Some of 2019's best home decor, gardening books have Michigan ties
Take a look in the interior design and gardening sections of your local bookstore this holiday season and you’ll find Michigan connections all over the place.
At least two of my favorite home decor and gardening books this year were written by Michigan authors. One is by a Livonia-based plant expert, Lisa Steinkopf, who offers tips for picking the best plants for low-light conditions. Another is by a popular West Michigan interior design blogger, Liz Marie Galvan, and it’s all about creating a sense of coziness at home, which is perfect as another long winter approaches.
“Grow in the Dark: How to Choose and Care for Low-Light Houseplants” (Quarto, $25) is Steinkopf’s second book. And given that her nickname is the “Houseplant guru,” Steinkopf is the perfect person to make suggestions for selecting plants that thrive in less than optimal conditions.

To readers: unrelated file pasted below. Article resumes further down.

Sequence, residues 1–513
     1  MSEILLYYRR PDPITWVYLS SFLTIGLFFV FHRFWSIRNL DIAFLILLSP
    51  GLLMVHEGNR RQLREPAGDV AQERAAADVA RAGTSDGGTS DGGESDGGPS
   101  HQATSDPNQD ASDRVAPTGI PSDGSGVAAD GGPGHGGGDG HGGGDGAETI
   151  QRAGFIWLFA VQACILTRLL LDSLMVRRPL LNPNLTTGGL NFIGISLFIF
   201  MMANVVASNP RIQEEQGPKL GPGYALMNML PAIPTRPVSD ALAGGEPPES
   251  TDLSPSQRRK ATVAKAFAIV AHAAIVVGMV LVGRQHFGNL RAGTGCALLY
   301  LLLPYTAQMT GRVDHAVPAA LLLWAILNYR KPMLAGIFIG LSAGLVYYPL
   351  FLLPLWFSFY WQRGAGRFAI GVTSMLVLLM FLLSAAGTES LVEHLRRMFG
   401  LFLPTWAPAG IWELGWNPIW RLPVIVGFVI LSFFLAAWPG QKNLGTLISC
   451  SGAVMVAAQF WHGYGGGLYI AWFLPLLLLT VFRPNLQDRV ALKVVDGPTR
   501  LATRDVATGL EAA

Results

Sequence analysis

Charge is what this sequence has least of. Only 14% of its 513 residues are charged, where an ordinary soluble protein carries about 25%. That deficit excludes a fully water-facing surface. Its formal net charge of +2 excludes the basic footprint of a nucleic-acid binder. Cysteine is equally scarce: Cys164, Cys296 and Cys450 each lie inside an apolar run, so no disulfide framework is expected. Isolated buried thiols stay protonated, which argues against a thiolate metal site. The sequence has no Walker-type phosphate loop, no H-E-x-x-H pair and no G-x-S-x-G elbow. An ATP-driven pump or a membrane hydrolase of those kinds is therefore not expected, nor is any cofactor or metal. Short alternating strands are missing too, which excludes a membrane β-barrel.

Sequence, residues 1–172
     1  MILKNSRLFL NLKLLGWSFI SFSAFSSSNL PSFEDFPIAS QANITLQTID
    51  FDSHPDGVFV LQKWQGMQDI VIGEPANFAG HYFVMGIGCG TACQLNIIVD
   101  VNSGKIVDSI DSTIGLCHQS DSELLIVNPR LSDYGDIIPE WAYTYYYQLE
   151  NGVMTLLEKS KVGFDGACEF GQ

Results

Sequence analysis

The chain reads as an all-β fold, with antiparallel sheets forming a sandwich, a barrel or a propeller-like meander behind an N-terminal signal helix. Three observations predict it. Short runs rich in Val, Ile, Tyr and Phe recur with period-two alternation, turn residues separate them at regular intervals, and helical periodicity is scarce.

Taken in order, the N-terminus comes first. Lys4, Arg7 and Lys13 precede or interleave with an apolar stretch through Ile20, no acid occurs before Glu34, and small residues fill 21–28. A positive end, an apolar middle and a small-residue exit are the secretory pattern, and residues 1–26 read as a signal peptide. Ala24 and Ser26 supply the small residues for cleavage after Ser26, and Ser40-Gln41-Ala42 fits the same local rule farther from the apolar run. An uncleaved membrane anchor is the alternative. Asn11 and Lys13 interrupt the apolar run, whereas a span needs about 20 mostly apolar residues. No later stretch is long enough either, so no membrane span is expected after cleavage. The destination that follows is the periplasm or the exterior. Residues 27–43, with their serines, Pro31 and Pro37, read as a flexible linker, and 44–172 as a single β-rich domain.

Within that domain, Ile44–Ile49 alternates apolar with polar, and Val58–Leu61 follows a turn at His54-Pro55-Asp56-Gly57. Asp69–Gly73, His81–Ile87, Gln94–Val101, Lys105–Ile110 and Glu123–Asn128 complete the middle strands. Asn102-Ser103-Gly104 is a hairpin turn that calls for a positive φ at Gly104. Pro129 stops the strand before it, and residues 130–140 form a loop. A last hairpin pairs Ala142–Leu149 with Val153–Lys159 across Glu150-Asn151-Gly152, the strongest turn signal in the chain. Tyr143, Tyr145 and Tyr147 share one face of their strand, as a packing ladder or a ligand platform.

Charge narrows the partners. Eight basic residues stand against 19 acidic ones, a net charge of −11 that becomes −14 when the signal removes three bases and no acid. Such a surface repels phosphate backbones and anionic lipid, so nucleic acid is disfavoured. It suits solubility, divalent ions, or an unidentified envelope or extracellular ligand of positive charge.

Galvan’s “Cozy White Cottage: 100 Ways to Love the Feeling of Being Home” (Thomas Nelson), meanwhile, is a great gift idea for anyone who is a big fan of Joanna Gaines’ style. It oozes farmhouse style and is filled with decorating ideas.
For the butterfly fan in your life, there’s a book by another Michigan writer: Brenda Dziedzic’s “Raising Butterflies in the Garden.” This book is filled with specifics about how to attract butterflies and moths to your own yard, detailing the life cycle and host and food plants for 40 different types of butterflies and moths.